Those of you who know me will know I'm deeply fond of my old Opa (grandpa) and tend to talk about him far past the point where it would be interesting to anyone else. I've been lucky enough to visit him almost annually in the last few years - this is difficult, since he lives in south Bavaria, on the opposite side of this planet to me. He lives, lived I guess, in a big house he designed with Oma many years ago beside a forest which you can walk through to reach one of the oldest, and best, beer breweries in Germany. He worked as a director for a school of agriculture, and made lists "to do" everyday, crossing out the things he achieved and moving the few non-achieved tasks on to the next day. On the day Oma died he wrote "my world ends" and crossed it out.
Everyone thought he would die first - Oma was younger and stronger, and also the matriarch of the family. But ten years ago, she died, and he's been saying he's ready to join her ever since (occasionally, interspersed with long speeches on the beauty of being alive and how his family need him). Oma had always been the focal point for family matters, and in her absence Opa stepped in and we were all lucky enough to get to know this stubborn, fiery old gentleman.
Opa is gruff and difficult at times, but he's also one of my favourite people to ever live. He has a sureness and goodness which seems old-fashioned - he has that thing we could call "moral authority", in the best sense of those words. When I was visiting him last year, I wanted my friend from England to fly in and stay and wrote Opa an email asking permission, and put into the email - so as to avoid confusion or issues down the line - that my friend happens to be gay; "If you're wondering if this is a romantic friend, he isn't, among many other reasons why not - he's gay." Opa wrote back to say yes, and added "you can invite whomever you like into my house, whether you're sleeping with them or not." Then he, an old Catholic, proceeded to get on with my best friend like a house on fire.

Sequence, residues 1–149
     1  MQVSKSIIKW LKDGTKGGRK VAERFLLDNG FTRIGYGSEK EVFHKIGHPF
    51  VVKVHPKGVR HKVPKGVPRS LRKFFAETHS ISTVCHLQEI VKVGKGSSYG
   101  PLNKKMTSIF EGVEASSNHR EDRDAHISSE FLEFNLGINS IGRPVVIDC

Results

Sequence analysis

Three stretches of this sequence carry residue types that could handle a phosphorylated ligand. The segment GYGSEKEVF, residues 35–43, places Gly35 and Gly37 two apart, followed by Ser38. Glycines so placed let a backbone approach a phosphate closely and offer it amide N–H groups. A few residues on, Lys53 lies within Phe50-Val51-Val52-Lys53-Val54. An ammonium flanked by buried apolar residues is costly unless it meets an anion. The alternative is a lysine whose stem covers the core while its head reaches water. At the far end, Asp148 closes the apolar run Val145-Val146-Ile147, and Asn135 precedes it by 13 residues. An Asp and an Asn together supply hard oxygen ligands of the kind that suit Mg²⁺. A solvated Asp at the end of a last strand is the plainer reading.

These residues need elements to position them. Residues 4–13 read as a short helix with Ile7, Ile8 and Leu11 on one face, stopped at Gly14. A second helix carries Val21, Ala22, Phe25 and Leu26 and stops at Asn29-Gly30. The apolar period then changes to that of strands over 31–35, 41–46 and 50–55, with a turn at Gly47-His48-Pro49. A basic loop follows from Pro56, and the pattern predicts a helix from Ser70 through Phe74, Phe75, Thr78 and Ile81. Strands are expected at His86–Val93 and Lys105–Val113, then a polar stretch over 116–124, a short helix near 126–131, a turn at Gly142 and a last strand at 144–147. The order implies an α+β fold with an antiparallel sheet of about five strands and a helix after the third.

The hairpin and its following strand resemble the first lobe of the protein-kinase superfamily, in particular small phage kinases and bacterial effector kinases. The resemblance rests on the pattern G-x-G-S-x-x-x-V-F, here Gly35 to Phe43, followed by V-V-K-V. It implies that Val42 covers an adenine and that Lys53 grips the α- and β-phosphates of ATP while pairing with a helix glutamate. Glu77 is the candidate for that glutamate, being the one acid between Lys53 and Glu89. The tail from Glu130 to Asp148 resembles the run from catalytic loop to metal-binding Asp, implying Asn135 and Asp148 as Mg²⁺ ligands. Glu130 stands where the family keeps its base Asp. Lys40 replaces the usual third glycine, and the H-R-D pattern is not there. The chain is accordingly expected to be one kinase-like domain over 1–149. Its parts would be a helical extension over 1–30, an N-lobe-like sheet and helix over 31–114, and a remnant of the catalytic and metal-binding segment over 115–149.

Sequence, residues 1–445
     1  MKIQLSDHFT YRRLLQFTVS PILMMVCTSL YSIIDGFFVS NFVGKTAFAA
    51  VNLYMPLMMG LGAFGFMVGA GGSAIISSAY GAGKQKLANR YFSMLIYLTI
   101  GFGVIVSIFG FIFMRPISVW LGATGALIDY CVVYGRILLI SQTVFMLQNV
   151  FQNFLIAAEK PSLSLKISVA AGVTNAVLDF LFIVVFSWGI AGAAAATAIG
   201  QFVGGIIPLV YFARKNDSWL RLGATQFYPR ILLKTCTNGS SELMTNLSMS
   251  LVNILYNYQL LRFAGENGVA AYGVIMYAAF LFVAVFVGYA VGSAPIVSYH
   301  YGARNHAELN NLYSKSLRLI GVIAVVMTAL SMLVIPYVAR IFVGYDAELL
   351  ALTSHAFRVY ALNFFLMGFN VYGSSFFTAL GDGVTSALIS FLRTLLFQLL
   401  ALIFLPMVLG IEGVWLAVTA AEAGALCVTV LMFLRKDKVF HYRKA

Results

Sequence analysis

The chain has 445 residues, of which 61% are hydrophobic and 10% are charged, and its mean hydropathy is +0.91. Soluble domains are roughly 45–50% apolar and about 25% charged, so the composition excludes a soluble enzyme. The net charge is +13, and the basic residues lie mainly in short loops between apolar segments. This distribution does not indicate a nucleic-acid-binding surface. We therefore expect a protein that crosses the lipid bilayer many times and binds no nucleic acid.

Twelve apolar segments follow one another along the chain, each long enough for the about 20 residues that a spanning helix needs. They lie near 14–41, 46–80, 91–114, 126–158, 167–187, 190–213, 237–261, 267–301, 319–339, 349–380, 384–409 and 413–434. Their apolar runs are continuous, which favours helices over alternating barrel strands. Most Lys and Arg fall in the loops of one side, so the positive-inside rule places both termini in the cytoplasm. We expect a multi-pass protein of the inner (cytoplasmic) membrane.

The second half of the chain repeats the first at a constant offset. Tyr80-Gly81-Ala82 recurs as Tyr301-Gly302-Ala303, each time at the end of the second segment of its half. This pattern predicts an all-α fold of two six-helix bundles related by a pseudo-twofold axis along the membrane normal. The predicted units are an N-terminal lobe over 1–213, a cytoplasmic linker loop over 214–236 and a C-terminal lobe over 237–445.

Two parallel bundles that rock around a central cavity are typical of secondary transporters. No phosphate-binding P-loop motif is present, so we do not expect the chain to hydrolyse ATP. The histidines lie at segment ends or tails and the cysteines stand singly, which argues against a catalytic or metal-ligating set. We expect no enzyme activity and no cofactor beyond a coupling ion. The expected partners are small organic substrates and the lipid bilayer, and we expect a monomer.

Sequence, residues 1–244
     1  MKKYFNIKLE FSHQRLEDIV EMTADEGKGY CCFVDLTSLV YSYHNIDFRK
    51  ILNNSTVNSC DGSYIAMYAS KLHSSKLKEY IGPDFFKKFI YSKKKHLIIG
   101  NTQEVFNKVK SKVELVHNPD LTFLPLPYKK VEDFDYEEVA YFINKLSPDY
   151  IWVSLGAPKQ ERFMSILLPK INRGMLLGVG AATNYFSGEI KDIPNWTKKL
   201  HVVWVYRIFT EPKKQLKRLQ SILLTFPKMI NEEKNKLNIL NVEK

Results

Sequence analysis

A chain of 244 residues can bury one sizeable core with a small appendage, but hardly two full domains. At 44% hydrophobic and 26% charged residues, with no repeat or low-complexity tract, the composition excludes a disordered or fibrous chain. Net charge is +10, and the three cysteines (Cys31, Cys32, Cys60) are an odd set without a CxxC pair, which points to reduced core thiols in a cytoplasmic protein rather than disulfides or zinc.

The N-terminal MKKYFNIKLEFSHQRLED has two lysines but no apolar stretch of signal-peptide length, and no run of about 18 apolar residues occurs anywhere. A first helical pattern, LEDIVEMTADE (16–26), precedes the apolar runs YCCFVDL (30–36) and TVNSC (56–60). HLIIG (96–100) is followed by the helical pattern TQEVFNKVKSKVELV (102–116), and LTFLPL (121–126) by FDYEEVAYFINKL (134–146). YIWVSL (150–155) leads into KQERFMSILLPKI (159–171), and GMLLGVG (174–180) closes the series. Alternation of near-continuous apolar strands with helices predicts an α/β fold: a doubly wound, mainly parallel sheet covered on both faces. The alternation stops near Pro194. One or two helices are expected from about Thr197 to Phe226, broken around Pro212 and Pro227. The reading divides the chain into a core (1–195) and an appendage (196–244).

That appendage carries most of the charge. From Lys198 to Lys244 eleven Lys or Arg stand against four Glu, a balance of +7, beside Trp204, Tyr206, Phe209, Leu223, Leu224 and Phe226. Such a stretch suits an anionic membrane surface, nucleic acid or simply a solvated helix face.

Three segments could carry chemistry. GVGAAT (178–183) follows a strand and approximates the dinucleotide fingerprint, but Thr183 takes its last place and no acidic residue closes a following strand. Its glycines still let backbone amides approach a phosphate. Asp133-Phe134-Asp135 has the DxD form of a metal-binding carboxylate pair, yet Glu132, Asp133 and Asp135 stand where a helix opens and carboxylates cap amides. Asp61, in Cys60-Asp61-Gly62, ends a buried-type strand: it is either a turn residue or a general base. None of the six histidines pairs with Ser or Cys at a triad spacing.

Years ago, during World War 2, his moral courage showed itself in far more dramatic terms than simply being 92, Catholic and down with the gays. Opa always says he doesn't want the stories repeated, since no one would believe them anyway, but I did tell my friends in Israel - grandchildren of holocaust survivors - and those friends did believe me, and asked that my Opa be added to a list of honoured Germans; of people who helped the Jewish population of Germany during the Nazi years. I shook my head, Opa would hate that, but I told my mom the story and her eyes welled up. It was nice to be believed.
But really all of that is abstraction and not the real, daily reason we love Opa so much. We love him because of his incredible warmth, humour and investment in our lives. He talks about his grandchildren (us) with glowing pride, to everyone except the subject of the conversation. He asked my sister if she believes in God and when she said no, he laughed to himself and said "the smartest people don't" (even though he does). If you tell him you really like brie cheese, he'll buy you brie every single day until you're sick of the sight of it. He has an enviable wine cellar, but he'll often buy a two euro bottle and serve it to a guest, telling them afterwards it was two euro and haha isn't it great? By contrast, once he got out a bottle of red which only government officials were even allowed to buy - he was given six bottles. He told me the story of the vineyard, of the prestige of these bottles of wine for three days while the bottle adjusted to room temperature. He made me read the label, explained the history of the family. He talked about it every day, until finally the evening of the uncorking arrived and he ceremoniously poured me a glass, watching my face with anticipation as I tried it. I looked unconvinced. He burst out laughing and roared "it's terrible isn't it? it's just AWFUL! Awful, awful wine!"
Gebhard Quinger 26.8.1919 - 24.3.2012